Regional Child and Family Connection agencies arrange for evaluations and assessments for children under three. Evaluations and assessments are provided at no cost to families.

Families with eligible children receive an Individualized Family Service Plan, which lists the services and supports that must be made available to the family.

Children eligible for Early Intervention services are experiencing delays in at least one of these areas:

  • cognitive development;
  • physical development, including vision and hearing;
  • language and speech development;
  • psychosocial development; or
  • self-help skills.

Children diagnosed with a physical or mental condition with a high probability of resulting in developmental delays or with certain family circumstances which put them at risk of substantial delays are also eligible.

Payment for Services

Early Intervention services are paid for with a combination of government and family resources. The cost of some services are paid by the program and provided to families at no cost. These include evaluation, assessment, development of a service plan, and service coordination. Ongoing Early Intervention services are paid for by the family's health insurance, when appropriate, government insurance (Medicaid/KidCare), and program funds. Families contribute to the cost of services by paying fees based on a sliding scale.

Early Intervention Services:

  • Assistive technology devices and services
  • Audiology, Aural rehabilitation and other related services
  • Developmental therapy
  • Family training
  • Health consultation
  • Medical diagnostic services (evaluation purposes only)
  • Nursing
  • Nutrition
  • Occupational therapy
  • Physical therapy
  • Psychological and other counseling services
  • Service coordination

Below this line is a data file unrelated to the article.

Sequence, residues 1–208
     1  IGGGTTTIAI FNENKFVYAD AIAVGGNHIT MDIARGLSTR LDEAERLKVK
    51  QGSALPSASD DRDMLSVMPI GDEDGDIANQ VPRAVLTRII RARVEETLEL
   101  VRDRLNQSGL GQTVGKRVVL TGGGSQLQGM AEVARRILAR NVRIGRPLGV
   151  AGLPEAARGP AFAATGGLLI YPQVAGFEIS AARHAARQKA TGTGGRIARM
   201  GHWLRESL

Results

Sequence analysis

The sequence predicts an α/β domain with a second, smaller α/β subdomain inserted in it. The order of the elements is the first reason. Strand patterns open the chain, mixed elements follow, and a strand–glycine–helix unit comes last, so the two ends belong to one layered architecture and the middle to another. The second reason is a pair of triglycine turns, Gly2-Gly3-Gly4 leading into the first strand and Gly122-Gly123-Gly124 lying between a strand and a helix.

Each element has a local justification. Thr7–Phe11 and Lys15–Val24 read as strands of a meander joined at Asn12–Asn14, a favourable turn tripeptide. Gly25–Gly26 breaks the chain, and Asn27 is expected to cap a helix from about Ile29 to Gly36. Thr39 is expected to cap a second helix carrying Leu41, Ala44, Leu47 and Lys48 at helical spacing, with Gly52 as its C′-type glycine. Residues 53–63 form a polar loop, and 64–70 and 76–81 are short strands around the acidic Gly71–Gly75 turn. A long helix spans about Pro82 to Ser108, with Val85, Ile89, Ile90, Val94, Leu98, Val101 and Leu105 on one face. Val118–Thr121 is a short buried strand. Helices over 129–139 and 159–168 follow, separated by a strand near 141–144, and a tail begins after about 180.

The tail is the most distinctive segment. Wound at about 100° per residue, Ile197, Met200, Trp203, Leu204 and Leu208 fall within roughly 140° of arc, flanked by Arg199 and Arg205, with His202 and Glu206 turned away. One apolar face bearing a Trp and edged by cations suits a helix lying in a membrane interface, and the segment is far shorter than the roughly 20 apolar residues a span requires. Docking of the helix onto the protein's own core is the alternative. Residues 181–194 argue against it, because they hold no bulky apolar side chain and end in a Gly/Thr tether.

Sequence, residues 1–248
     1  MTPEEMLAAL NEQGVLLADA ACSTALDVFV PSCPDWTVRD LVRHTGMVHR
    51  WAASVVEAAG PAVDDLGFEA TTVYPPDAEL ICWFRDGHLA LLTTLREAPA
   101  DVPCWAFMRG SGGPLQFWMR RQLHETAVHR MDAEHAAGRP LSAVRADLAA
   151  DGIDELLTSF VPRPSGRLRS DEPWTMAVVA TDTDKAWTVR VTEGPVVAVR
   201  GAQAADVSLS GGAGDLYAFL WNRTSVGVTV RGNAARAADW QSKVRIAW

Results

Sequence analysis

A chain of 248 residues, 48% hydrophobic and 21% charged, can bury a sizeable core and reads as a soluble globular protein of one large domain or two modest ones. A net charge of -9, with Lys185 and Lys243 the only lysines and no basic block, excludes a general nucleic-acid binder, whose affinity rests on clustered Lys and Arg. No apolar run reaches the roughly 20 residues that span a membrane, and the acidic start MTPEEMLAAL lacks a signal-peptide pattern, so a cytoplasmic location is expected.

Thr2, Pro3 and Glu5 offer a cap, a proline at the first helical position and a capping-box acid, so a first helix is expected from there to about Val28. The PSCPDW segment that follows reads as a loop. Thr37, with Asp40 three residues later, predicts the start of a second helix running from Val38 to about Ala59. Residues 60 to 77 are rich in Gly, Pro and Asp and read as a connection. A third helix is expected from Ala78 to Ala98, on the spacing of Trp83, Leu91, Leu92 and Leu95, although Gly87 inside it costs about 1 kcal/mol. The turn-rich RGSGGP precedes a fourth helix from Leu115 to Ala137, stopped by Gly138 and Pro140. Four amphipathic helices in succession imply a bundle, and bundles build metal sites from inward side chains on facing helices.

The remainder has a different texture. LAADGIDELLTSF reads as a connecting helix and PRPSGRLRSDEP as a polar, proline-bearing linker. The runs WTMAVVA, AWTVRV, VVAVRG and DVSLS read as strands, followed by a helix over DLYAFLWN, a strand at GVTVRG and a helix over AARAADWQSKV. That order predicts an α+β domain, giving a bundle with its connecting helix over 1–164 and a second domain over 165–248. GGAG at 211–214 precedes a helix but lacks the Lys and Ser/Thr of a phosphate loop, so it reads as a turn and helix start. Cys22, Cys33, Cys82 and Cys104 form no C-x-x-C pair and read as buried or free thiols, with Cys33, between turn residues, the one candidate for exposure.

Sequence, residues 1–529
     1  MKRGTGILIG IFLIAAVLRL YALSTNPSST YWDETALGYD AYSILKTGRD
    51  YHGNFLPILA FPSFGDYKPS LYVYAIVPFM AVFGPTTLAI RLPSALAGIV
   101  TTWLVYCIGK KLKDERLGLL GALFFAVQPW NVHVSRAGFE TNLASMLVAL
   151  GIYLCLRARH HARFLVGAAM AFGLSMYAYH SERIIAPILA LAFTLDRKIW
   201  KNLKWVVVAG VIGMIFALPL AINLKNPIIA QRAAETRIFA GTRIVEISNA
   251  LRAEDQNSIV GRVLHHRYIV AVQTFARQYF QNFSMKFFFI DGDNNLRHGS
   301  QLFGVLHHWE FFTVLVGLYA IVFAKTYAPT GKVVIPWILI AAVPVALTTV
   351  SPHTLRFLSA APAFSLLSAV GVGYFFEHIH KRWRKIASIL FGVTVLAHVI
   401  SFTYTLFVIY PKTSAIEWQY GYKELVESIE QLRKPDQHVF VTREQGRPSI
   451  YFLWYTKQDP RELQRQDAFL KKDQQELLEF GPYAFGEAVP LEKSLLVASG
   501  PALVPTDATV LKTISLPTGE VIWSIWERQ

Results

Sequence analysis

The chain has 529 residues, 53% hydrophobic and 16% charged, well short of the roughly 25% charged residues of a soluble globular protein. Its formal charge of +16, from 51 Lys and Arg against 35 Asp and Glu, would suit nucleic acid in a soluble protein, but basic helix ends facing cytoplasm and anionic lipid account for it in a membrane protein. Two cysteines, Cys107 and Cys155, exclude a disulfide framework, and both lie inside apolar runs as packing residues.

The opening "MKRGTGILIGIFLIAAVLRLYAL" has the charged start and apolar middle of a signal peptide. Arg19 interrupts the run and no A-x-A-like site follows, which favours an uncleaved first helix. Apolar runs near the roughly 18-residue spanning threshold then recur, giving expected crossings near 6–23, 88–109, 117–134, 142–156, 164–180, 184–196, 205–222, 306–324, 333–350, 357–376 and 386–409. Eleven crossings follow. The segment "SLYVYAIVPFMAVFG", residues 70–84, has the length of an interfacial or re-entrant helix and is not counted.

• Social work and other counseling services
  • Speech/language therapy
  • Transportation to services
  • Vision

Your Role in Early Intervention

When you introduce parents to the family-centered Early Intervention Services System, they join a community of support--from parents already in the system to the service providers who work with the family to meet the child's needs.

The Early Intervention law was passed to assure that eligible children get the earliest possible start on overcoming developmental problems. Health care providers, child care providers, and other professionals who identify a child with a disability or possible developmental delay to refer that child for services right away. The law in Illinois says referrals must be made within two working days.

For the name of the Child and Family Connection agency nearest you, call 1-800-323-4769 (Voice/TTY).

Department of Human Services Early Intervention for Customers section

For more information or to refer families to the Illinois Early Intervention Services System, call 1-800-323-4769 (Voice/TTY)

The Sooner We Start, The Farther They'll Go

Look What I Can Do

Early Intervention For Young Children With Developmental Delays

Department of Human Services Early Intervention about DHS section.

To order Public Awareness materials call 1-800-851-6197.